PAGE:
Members of the Cotton City Scooter Club, united by their love for two-stroke machines, share details of their prized possessions.
Kumaragurubaran Rathinavelu vividly remembers witnessing his father dismantling and fixing a 1967 model of the Vespa 150, step by step, back in the late 70s. He was only two years old, but could spend hours observing the internal machinery of a scooter, which fascinated him.
“It was the same scooter we used to go on several family trips, with me standing in front,” he recalls.
Once he grew up, Kumaragurubaran, popularly known as Guru, took over the reins of the Vespa and rode it all over the city. He has subsequently added a brick red 1982 Bajaj Chetak and an ’86 LML Vespa to his own collection.
It was during one of these rides that he chanced upon 62 year-old K.M. Jailabudeen, a mechanic and a rally racer in his prime. Jailabudeen owned a 1976 Vijay Super Deluxe and was curious to know more about Guru’s collection.
Jailabudeen and Guru started discussing the nitty gritty of scooters and an easy bond was formed. “He asked me everything I knew about scooters, from the engine size to its internal mechanism. I was pleasantly surprised by his inquisitiveness, and knew that I had found a like-minded scooter freak,” Guru says.
Following a few intense chats, Jailabudeen and Guru thought of forming a club with other such scooter enthusiasts. They found C.K. Selvaraj, a two-wheeler mechanic at Flower Market. “He was reeling off specifications of each scooter model with effortless ease, and we knew we had a prize catch,” Jailabudeen says.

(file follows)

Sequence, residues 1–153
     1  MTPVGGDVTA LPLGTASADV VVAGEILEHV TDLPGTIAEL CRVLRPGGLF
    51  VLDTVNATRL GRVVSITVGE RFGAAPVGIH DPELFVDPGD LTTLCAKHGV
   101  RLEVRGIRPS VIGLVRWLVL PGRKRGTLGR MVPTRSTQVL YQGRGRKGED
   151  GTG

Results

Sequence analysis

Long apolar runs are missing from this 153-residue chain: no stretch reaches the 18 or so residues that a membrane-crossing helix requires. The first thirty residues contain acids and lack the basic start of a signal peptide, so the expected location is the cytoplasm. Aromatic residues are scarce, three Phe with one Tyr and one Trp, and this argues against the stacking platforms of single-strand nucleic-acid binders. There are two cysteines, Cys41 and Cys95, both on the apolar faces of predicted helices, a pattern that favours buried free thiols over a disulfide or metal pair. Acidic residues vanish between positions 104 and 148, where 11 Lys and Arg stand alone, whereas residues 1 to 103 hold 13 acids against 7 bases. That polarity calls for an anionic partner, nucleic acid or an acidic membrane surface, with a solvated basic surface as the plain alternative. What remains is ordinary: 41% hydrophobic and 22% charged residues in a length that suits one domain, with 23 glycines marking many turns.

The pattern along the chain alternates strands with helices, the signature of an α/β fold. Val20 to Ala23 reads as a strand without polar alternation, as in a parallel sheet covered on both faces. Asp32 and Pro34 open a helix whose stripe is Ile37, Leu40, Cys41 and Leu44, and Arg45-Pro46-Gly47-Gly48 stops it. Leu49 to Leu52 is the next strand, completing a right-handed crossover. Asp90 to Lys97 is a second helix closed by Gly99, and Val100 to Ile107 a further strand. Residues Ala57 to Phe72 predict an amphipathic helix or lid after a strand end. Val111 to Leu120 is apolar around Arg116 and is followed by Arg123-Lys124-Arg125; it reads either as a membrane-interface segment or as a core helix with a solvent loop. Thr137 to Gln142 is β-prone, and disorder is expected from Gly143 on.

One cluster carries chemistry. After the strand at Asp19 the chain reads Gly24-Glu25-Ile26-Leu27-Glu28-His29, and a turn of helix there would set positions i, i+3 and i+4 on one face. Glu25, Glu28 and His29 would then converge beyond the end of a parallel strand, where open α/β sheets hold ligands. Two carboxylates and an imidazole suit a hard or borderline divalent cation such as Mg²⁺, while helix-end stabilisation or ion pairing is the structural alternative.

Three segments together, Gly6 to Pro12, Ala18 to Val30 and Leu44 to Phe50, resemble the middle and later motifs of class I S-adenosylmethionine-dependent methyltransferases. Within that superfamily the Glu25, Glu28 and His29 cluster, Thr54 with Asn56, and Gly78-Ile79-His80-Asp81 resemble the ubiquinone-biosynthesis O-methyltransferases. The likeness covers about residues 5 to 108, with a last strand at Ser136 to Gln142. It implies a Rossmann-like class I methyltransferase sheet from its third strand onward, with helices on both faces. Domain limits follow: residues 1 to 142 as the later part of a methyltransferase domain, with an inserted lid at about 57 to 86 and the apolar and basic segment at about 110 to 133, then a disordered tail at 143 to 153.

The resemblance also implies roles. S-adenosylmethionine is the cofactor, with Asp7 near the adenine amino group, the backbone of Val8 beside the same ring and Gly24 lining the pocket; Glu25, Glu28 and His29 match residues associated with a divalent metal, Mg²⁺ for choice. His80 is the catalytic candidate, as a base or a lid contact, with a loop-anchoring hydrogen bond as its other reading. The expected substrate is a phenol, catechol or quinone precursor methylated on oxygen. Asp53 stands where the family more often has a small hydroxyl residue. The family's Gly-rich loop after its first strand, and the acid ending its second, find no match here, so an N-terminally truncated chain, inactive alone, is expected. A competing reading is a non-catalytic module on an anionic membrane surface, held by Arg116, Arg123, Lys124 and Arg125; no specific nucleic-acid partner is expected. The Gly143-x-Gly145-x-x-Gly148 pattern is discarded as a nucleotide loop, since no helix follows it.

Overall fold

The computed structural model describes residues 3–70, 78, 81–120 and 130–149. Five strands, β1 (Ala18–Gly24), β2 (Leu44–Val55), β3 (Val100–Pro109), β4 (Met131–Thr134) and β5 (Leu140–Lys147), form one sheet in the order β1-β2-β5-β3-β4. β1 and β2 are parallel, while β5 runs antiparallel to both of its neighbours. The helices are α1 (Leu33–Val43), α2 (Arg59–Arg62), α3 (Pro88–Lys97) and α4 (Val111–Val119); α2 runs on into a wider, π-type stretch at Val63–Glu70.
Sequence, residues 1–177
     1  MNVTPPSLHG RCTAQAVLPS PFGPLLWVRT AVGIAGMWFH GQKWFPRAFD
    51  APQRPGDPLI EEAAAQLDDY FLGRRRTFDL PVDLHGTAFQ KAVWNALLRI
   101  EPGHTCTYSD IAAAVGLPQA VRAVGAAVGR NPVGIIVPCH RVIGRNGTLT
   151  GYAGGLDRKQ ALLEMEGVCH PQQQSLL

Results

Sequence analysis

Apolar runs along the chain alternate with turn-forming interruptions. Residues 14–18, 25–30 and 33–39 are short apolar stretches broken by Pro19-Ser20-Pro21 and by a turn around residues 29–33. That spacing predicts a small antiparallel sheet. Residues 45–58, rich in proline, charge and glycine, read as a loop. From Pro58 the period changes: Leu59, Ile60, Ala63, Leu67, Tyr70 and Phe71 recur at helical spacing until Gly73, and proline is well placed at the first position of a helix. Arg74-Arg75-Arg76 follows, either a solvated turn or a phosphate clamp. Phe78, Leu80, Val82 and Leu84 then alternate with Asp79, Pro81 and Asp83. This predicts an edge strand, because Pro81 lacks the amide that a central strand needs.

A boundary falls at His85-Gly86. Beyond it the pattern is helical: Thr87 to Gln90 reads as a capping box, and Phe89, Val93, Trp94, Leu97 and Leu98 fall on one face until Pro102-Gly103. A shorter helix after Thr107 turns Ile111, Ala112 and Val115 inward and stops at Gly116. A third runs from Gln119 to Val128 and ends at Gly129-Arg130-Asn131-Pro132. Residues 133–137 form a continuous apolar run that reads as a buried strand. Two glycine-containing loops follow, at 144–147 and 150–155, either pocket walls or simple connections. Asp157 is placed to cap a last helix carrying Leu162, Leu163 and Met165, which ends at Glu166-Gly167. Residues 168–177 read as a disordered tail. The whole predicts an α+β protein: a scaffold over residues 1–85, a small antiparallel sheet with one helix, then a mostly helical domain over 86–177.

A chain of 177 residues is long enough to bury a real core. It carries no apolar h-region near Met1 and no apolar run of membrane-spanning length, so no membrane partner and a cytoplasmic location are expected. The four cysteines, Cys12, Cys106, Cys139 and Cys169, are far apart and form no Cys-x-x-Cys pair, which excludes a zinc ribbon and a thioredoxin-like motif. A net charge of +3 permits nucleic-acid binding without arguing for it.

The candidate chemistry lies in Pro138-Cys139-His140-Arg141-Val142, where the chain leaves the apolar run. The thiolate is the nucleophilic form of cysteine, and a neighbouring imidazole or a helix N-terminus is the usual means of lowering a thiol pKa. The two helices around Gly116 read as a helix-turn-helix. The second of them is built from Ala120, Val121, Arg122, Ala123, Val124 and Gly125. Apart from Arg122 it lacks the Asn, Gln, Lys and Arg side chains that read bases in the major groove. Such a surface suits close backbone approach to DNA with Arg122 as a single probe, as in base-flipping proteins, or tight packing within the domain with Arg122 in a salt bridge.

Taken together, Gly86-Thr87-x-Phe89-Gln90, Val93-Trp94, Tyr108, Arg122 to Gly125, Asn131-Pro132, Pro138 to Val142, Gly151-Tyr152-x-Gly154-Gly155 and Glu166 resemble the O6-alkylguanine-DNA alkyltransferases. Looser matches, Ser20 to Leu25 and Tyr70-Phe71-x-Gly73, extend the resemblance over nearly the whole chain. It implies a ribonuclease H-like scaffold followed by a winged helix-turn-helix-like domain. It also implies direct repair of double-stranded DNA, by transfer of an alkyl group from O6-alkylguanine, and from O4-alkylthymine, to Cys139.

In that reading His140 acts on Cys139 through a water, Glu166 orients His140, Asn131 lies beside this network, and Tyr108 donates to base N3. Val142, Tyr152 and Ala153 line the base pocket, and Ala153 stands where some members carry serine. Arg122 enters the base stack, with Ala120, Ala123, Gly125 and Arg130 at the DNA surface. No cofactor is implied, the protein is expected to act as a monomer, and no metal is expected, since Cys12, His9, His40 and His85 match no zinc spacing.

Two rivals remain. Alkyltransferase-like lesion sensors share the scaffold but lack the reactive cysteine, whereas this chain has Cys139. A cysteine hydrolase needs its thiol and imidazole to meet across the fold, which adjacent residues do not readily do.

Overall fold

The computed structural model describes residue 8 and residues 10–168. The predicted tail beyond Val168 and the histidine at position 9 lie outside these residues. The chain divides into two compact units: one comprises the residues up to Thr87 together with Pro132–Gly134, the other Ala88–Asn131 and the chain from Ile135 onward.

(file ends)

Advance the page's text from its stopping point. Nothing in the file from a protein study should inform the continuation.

Vintage scooter owners S. Rafiuddin Mohammad, Karthik Rajkumar and L.A. Nazeer joined the trio and the idea soon became a reality. Taj Mohammed, his brother Tariq and Deepak added strength to the scooter club by bringing their vintage vehicles along, a few months later. Popular vintage bike and scooter collector K. Muthu Kumar joined forces as a technical advisor.
The Cotton city Scooter Club was born in 2009 with the purpose of riding, preserving and restoring vintage scooters for the younger generations to cherish. From a group of six, the number gradually went up to 25. The members range in age from 20 to 62, all united in their love for the old two-stroke machines. “We would simply stop anybody riding an old scooter on the streets, and ask them a few details about their machines. Those enthused by our interest would immediately join the club. Talking about scooters is an ideal way to unwind after a hard days work,” Rafiuddin says.
The core members then started meeting on weekends and common holidays, covering key areas of the city on their scooters. Race Course, Singanallur, Peelamedu, Gandhipuram were some of their regular haunts. Other times, rides would be less than a kilometer long, just to get their engines heated up.
On other days the rides would be longer. Members have gone on rides to Poondi and Negamam, attracting the attention of passers-by. Ideas and details on spare parts would be exchanged during these rides.
The club has members from various walks of life. Rafiuddin is a civil engineer, Guru is a medical transcriptionist and the youngest member, L.N. Tanziel is just out of college.
Some of the shows the club has participated in have got people going on nostalgic overdrive. “We displayed all our vintage scooters in a vintage car and bike show in Ooty in 2009. The show had middle aged women approaching us, saying they were transported back to their childhood,” Selvaraj recalls with pride.
The members are strong advocates of safe riding. Helmets, riding goggles and jackets are a must or you are sent packing. Plans are on to further entice the youth by displaying the attractively redesigned vintage scooters in colleges and in public grounds.
“When it comes to durability, scooters last much longer than motorcycles. All you need to do is ensure that you have enough petrol, a clean carburettor and your scooter will serve you faithfully for decades,” Rafiuddin says. It is this durability that fuels the members of the Cotton City Scooter Club too.